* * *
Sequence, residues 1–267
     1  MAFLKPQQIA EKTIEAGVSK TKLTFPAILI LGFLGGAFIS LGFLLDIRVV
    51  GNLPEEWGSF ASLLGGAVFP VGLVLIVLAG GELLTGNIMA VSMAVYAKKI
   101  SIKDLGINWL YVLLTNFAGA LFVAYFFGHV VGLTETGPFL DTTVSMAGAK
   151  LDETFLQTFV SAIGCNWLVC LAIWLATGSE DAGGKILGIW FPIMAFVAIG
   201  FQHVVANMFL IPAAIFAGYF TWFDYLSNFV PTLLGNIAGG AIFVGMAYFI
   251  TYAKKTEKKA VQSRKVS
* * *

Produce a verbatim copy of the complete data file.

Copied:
Sequence, residues 1–267
     1  MAFLKPQQIA EKTIEAGVSK TKLTFPAILI LGFLGGAFIS LGFLLDIRVV
    51  GNLPEEWGSF ASLLGGAVFP VGLVLIVLAG GELLTGNIMA VSMAVYAKKI
   101  SIKDLGINWL YVLLTNFAGA LFVAYFFGHV VGLTETGPFL DTTVSMAGAK
   151  LDETFLQTFV SAIGCNWLVC LAIWLATGSE DAGGKILGIW FPIMAFVAIG
   201  FQHVVANMFL IPAAIFAGYF TWFDYLSNFV PTLLGNIAGG AIFVGMAYFI
   251  TYAKKTEKKA VQSRKVS